Planning for Data Collection

Data collection is an important part of both quantitative and qualitative research.
Although the actual approach to gathering information may vary, for either research
design, researchers need to plan in advance how the data will be gathered, reported, and
stored, and they need to ensure that their methods are both reliable and valid. As nurses
review research when considering a new evidence-based practice, it is important to be
familiar with sound collection practices in order to ascertain the credibility of the data
Consider the following scenario:
Nurses and other health care professionals are often interested in assessing patient
satisfaction with health care services. Imagine that you are a nurse working in a suburban
primary care setting that serves 10,000 patients annually. Your organization is very
interested in understanding the patient’s point of view to help determine areas of care that
can be improved. With this focus in mind, consider how you would create a survey to assess
patient satisfaction with the services your organization provides. You may wish to consider
variables such as the ease of accessing care, patient wait time, friendliness of the staff, or
the likelihood that a patient would recommend your organization to others.
For this Discussion, you generate questions and an overall plan for data collection that
would be appropriate for a patient satisfaction survey in relation to the above scenario.
To prepare:
�Consider the guidelines for generating questions presented in this week’s Learning
�Review the scenario and formulate at least five questions that you could use to evaluate
patient satisfaction.
�Reflect on the different methods or instruments that can be used for gathering data
described in Chapter 13 and Chapter 22 of the course text. Which methods or instruments
would work well for the scenario?
�Determine an appropriate sample size for the scenario.
Post on or before Day 3 the questions that you created for gathering information about
patient satisfaction based on the above scenario. Explain which method or instrument you
would use to gather data. Describe the sample size appropriate for the population and how
you would select participants. Provide a rationale for your choices, and explain how you
can ensure high standard of reliability and validity.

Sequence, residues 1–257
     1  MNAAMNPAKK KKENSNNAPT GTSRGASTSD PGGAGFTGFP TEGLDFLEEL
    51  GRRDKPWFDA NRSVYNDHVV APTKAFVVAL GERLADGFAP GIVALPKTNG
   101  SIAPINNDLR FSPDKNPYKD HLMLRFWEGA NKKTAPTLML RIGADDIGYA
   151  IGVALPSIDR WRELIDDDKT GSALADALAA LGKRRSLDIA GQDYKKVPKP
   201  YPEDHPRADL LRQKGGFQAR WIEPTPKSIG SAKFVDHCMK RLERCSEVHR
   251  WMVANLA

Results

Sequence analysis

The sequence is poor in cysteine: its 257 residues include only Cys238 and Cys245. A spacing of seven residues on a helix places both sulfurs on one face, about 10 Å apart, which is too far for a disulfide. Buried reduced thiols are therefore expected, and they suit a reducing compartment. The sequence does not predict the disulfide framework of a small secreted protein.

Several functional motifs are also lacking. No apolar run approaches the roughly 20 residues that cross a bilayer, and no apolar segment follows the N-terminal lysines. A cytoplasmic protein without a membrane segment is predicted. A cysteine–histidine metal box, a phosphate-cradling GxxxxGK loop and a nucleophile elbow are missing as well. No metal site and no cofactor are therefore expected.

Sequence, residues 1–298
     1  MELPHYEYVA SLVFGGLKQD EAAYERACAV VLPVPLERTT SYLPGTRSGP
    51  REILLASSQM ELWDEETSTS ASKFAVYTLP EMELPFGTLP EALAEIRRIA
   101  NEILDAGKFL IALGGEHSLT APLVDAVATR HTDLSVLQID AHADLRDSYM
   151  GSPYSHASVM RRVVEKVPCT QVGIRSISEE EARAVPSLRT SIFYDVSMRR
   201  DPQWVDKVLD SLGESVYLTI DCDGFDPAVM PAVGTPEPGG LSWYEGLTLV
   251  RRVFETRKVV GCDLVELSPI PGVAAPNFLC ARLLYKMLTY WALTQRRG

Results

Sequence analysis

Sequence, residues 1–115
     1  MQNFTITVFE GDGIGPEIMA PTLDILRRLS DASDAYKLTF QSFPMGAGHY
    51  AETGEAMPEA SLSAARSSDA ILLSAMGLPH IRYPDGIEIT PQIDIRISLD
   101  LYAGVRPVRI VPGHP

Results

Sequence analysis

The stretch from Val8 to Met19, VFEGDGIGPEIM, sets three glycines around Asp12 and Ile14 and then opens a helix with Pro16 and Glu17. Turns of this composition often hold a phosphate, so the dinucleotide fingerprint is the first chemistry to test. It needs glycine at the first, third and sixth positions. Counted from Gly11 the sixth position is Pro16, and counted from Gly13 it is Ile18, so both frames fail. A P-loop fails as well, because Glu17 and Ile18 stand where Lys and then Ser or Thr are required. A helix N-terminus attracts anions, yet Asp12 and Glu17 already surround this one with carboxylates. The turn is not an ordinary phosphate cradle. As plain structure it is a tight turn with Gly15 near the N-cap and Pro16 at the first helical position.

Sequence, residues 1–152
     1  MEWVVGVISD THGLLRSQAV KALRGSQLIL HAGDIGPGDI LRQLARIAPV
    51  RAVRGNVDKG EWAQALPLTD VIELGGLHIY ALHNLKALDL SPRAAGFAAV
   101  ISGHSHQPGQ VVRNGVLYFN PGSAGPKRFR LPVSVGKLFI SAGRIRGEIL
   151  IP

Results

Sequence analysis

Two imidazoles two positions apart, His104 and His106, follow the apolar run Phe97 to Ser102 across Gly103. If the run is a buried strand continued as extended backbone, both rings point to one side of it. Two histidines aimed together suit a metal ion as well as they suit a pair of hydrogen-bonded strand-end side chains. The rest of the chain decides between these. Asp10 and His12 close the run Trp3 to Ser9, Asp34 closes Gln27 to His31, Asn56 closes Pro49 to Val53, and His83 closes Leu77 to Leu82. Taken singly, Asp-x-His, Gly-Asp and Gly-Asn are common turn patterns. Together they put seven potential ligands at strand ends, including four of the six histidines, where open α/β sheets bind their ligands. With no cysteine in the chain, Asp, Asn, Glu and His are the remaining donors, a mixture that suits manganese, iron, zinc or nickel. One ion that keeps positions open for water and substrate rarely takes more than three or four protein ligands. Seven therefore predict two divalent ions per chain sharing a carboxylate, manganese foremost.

Planning for Data Collection

How long do you normally wait before seeing the doctor or collecting medicine at the pharmacy?
Have you ever experienced a case where one of the staff appeared unfriendly and not ready to
How would you rate the ease of care accessibility? Gerrish & Lacey, 2012).

Would you say that the health care has been effective in offering comprehensive care?
Have you ever recommended our services to somebody? Are you likely to do in future?
The most appropriate tool for collecting data is an interview. With an interview, it will be
possible to reach the target participants easily even while they are in the queues waiting to be
served. This will ensure that time is saved. In addition, depending on the approach that the
patient takes, it will be possible to reframe the questions so as to get the answers needed. In
addition, the facial expressions will be assessed to add onto what the patient says (Gerrish &
Lacey, 2012).
So as to ensure representativeness, a total of 480 patients will be interviewed, 40 every
month for 12 months. This will ensure that different diseases experienced depending on the
season are covered. The 40 patients interviewed every month will be from different departments
including pediatric, maternity, physiotherapy, oncology, pharmacy, and general wards among
others. This will ensure that patients’ notions on different wards are explored Gerrish & Lacey,
When collecting data, the patients participating will be informed about what the questions
are intended for. Confidentiality will also be maintained and patients will be informed about this
vital aspect. The person collecting the data will first admit to being accountable of the data
gathered. So as to avoid bias, participants will be picked randomly and any other nurse can
gather the data and assist on data analysis after being trained on what is needed.



Gerrish, K., & Lacey, A. (2012). The research process in nursing. Oxford: Blackwell Pub.

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